Steve Mitchell-US PRESSWIRE - Presswire
With two weeks left in the regular season, the Reds magic number is five. Their lead over the Cardinals is a robust 11 games, and most playoff prognostication internet gizmos set their odds of making it between "start hiring temps to handle the influx of web orders at the team store" and "dig out your playoff boots".
So while the games from here on out are mostly lacking that tense drama of a tight pennant chase, the Reds still have some decisions to make. They are currently 1½ games behind the Nationals for the best record in the Majors and the top seed in the NL. The #1 seed has the luxury of home field advantage throughout the playoffs, which may be only a small advantage, but still one worth mentioning. But should the Reds run full-gallop for the last two weeks in hopes of getting that #1 seed, or should they ease up on the reins a bit in order to be fully healthy and well-rested for when the games really matter?
It's an enviable position in which to be (see full projected playoff picture here). They hold a comfortable, nearly insurmountable lead in the Central, and are 4½ games ahead of the Giants for the #2 seed. So they are in no real danger of falling out of the playoff picture entirely, and are unlikely to yield to the Giants either (of course, flipping the #2 and #3 seeds with the Giants would not change much, as they would still end up playing each other. Home field advantage would flip, but with the absurd 2-3 format this season that advantage isn't as strong as it normally would be). So they have a good bit of room in which to tinker and a number of different options to do such tinkering.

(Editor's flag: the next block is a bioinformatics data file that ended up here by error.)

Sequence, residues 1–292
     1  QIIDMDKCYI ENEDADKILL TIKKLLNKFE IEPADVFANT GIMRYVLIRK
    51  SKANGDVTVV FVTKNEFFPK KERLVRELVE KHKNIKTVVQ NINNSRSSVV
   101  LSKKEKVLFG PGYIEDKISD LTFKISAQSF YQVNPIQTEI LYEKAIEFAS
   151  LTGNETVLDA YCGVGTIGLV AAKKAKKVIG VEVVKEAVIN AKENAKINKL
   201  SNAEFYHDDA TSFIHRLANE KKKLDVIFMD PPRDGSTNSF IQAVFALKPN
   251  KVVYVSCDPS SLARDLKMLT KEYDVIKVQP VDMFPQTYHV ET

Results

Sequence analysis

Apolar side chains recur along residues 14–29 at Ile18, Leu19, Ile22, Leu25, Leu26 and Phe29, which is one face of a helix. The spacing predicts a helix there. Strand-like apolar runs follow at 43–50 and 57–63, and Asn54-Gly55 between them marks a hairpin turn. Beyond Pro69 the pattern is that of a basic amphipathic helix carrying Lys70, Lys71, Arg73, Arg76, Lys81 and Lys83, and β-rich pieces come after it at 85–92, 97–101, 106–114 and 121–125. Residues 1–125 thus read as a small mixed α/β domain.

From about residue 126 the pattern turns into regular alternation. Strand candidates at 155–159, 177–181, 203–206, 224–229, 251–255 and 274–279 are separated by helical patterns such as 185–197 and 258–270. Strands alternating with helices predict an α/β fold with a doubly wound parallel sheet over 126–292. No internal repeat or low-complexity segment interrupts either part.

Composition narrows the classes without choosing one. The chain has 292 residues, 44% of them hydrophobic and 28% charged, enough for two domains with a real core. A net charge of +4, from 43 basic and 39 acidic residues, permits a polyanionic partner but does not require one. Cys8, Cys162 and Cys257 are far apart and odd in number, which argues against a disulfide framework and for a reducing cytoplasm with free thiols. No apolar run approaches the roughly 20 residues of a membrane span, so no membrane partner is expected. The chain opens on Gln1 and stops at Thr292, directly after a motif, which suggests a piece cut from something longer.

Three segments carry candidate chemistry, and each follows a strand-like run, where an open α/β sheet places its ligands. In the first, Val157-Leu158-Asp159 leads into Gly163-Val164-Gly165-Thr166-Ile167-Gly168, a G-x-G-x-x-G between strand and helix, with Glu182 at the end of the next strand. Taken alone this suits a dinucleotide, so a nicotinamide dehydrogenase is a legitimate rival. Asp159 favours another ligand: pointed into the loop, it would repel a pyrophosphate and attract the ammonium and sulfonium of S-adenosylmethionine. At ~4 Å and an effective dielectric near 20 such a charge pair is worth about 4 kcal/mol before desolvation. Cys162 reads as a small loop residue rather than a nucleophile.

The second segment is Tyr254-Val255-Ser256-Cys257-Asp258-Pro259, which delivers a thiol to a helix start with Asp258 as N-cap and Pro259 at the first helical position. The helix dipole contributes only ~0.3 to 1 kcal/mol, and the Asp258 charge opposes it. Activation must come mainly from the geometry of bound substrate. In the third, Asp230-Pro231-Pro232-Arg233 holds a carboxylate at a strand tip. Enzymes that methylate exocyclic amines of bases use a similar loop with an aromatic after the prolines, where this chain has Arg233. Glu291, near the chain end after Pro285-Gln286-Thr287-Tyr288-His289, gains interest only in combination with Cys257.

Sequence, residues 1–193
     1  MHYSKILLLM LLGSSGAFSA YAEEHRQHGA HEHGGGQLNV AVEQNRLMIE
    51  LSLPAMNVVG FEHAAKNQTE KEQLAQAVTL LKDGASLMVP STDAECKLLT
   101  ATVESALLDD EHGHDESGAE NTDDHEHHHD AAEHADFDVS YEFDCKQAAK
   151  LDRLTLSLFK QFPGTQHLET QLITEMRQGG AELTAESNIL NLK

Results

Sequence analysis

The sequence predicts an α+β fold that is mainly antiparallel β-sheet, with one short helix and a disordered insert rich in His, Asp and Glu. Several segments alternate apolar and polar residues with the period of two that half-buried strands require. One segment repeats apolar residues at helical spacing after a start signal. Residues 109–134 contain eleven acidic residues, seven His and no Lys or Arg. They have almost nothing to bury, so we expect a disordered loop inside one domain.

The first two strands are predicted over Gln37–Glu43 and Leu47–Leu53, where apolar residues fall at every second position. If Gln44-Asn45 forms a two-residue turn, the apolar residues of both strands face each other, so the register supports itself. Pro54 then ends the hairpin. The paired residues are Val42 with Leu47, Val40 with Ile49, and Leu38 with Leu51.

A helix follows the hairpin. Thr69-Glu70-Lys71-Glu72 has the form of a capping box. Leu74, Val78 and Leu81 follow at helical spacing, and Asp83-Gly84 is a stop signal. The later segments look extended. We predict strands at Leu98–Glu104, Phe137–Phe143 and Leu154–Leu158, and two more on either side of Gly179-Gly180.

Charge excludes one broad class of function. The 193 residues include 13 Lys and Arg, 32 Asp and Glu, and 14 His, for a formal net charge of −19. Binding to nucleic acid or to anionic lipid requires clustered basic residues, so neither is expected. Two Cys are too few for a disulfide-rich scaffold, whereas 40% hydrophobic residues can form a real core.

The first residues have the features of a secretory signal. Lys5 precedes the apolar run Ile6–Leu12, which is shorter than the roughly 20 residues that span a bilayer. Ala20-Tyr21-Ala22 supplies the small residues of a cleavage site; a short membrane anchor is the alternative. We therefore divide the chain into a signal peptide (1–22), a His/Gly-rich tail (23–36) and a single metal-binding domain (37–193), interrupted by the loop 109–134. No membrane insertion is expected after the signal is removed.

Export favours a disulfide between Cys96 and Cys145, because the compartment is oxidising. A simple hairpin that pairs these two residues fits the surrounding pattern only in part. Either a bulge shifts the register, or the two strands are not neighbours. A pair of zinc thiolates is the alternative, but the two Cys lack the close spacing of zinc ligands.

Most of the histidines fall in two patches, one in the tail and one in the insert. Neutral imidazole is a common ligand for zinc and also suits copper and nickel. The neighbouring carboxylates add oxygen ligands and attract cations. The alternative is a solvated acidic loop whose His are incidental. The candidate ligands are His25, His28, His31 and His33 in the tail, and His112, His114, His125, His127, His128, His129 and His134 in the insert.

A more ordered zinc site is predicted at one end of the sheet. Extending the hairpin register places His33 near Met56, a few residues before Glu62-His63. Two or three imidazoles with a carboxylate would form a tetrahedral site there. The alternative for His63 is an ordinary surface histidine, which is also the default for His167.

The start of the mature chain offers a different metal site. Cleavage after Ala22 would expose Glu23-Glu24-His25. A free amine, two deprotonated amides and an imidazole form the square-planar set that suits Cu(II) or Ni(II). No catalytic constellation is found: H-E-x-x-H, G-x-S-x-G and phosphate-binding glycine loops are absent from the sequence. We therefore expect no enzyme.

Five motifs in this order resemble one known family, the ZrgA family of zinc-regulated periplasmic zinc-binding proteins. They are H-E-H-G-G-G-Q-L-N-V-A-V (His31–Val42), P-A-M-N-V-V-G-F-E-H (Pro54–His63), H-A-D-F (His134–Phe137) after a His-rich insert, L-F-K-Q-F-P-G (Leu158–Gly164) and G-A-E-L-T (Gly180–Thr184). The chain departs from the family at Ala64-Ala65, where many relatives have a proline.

Earning the top seed would be a nice little peach. Aside from the home field advantage and the boast of the best record in baseball, the top seed enjoys the added advantage of playing the winner of the Wild Card play-in game. The Wild Card winner will be at a distinct disadvantage (by design, of course), as they will have played the day before in a different city and presumably burned up one of their top starting pitchers in the process. But while this is how it's supposed to work in theory, the Wild Card team could very well be a tougher opponent than the #3 seed Division winner.
Would you rather face the winner of Braves/Cardinals or the Giants in the NLDS? I dunno. That ain't so easy to figure. And it is likely not something the Reds could have much control over.
The best approach is probably the diplomatic one, being conservative with nagging injuries like they have been with Zack Cozart, Scott Rolen and Aroldis Chapman, but also not going overboard with getaway day lineups in the middle of the week and spot-starts for rookies like Tony Cingrani. There probably is no wrong way to go about it, honestly. They've come this far, so I'm pretty comfortable deferring to their judgement with this kind of minutia.
And it really is just minutia. It's pretty cool, yeah? The middle of September feels like the end of Spring Training, just going through the motions and sharpening everyone up before the real games begin. And I am so cool with that.